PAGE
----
El Tiempo
June 28, 2023

This is the 'air hospital' that provides free healthcare in remote areas of Colombia.

In the air, they resemble a military squadron. There are between 10 and 15 planes per mission. Small, with four passengers. The models vary: Cirrus SR22, Piper PA-31 Navajo, or Beechcraft Bonanza, are some of them. Pilots, doctors, and a couple of technical support personnel are on board. Their destination is some disconnected municipality, amidst the jungle or desert, near the sea or mountains, it doesn't matter.

The Colombian Civil Air Patrol (PAC) has been doing the same thing for 57 years: medical brigades in remote areas of the country. In destinations like Bahía Solano, Chocó; Timbiquí, Cauca; or Orocué, Casanare. They are literally a "mobile air hospital." That is why on June 6th, they received recognition from the Carlos Slim Foundation. The distinction, awarded to them in 2021 in the Exceptional Institution category, recognizes those non-profit institutions dedicated to improving the health of the Latin American population. 

The prize—$100,000—had already been awarded to them in 2021, but due to the pandemic, the formal recognition could only be made this year. With these funds, the PAC carried out three free brigades, attended to 1,789 people in conditions of poverty or extreme poverty, and acquired a new anesthesia machine for surgical brigades.

Entrega de la distinción en la categoría Institución Excepcional 2021 a la PAC en los Premios en Salud de la Fundación Carlos Slim.

This isn't the first award they've received. They have already been recognized with the King of Spain Prize for Human Rights, the Prize, and the Alejandro Ángel Escobar Prize.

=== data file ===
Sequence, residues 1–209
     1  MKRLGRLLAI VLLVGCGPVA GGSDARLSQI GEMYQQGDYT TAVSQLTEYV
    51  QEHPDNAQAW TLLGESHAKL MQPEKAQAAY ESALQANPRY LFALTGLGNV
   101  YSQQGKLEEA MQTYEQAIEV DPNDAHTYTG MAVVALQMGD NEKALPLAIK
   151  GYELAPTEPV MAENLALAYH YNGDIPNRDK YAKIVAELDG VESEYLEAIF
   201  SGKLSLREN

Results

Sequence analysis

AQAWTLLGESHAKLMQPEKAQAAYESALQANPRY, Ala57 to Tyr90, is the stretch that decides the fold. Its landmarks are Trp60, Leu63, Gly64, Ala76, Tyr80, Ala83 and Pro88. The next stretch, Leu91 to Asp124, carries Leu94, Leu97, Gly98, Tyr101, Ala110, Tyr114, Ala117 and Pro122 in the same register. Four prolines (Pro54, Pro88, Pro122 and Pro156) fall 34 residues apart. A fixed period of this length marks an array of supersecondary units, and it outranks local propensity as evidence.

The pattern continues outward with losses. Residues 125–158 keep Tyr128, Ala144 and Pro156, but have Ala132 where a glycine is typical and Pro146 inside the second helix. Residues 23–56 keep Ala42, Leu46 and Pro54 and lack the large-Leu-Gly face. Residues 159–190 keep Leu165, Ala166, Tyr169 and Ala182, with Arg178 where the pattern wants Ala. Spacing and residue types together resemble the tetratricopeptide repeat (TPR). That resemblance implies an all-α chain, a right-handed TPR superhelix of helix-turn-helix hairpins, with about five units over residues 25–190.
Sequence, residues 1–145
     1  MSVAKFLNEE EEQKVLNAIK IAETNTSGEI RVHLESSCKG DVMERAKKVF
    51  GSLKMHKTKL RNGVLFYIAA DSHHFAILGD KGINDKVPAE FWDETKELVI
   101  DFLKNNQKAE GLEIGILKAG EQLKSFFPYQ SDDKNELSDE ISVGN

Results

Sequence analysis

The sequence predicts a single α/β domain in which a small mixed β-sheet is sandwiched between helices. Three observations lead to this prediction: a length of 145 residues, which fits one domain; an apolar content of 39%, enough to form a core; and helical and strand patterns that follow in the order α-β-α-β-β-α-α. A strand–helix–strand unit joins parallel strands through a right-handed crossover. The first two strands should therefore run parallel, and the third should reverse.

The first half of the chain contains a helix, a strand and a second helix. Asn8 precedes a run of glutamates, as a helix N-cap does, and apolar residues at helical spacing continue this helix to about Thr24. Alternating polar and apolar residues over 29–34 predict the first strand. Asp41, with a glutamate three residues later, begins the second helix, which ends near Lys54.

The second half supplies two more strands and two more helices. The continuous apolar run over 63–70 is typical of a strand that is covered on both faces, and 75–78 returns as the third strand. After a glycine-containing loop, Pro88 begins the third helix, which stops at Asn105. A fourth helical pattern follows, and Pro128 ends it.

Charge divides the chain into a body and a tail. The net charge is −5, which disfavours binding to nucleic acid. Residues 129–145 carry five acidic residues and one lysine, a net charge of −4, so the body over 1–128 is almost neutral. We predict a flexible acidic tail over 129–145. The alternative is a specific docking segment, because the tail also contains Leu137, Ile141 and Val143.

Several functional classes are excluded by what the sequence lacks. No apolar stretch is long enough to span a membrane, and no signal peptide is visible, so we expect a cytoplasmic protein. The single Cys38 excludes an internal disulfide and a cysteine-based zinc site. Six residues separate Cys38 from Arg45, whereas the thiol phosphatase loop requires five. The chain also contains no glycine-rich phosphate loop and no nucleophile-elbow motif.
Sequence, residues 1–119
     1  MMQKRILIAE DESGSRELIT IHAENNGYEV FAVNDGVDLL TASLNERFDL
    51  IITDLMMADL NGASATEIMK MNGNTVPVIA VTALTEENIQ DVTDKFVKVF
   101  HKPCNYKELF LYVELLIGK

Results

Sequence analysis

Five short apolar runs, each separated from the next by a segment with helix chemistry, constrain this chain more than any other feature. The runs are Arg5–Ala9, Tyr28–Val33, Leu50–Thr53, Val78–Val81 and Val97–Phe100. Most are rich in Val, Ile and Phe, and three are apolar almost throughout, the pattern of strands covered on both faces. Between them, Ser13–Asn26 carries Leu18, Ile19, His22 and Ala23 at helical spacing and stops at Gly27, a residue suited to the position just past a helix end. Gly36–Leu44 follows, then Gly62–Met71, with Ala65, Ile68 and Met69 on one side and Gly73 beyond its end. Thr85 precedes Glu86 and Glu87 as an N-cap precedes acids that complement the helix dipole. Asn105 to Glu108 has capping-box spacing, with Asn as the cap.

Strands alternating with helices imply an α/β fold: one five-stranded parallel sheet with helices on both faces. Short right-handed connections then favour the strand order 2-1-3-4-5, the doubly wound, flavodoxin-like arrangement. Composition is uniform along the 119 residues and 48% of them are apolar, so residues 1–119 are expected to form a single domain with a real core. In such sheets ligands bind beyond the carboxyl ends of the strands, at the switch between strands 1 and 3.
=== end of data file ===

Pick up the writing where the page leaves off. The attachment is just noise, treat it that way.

As Pamela Estrada Ocampo, general director of the PAC, explains, the organization has been working for over half a century to bring health to regions where access is complex, and although they currently carry out one brigade per month, the goal for this year is to double that number and provide care every 15 days.

Jornada de salud en Guapi

“La Patrulla Aérea Civil Colombiana son la única opción que tienen de recibir salud miles de personas en zonas apartadas de Colombia”, señala Estrada. Pero hacerlo no es sencillo (ni barato). La logística de llevar al menos 10 aviones a pistas de aterrizaje que no están en las mejores condiciones y de coordinar al menos a 50 personas es compleja.

Currently, about 70 private pilots and over 300 healthcare professionals are voluntary members of the Colombian Civil Air Patrol (PAC). It is they, this duo, who are responsible for carrying out medical or surgical brigades, where surgeries, specialized consultations, interventions, examinations, or medical prescriptions are offered, all free of charge.

To carry out these campaigns, the PAC obtains funds from companies, NGOs, and even governments, willing to support the provision of healthcare to those most in need. Over these 57 years, thanks to these funds, they have attended to 99,183 individuals, with 251,308 medical consultations, 9,350 surgeries, and 51,520 treatments. For the director of the PAC, beyond all of this, the greatest satisfaction comes from the displays of affection they receive from people every time a brigade ends.

"The Colombian Civil Air Patrol is the only option for thousands of people in remote areas of Colombia to receive healthcare."

"Something that is very valuable to us is the recognition, affection, and trust that the communities we serve have for us. We enter practically any territory in Colombia, and the communities welcome us, respect us, and await our return," she emphasizes.

Jornada de salud en Guapi

The PAC has been present not only in the most remote areas of the country but also during the most critical moments in its history: during the tragedy of Armero in November 1985, the earthquake in the Coffee Axis region in January 1999, the natural disaster in Mocoa in April 2017, or the Hurricane Iota that affected Providencia in November 2021. More recently, during the COVID-19 pandemic, the PAC also supported the government by distributing supplies throughout the country to address the emergency.

But there is still much to be done, asserts Estrada, and for that, volunteers are needed. "We invite all individuals who want to be part of the Civil Air Patrol, whether as volunteers or if it's a company that wants to join our cause, to visit our website. There are many ways to get involved and join the Civil Air Patrol," concludes the director.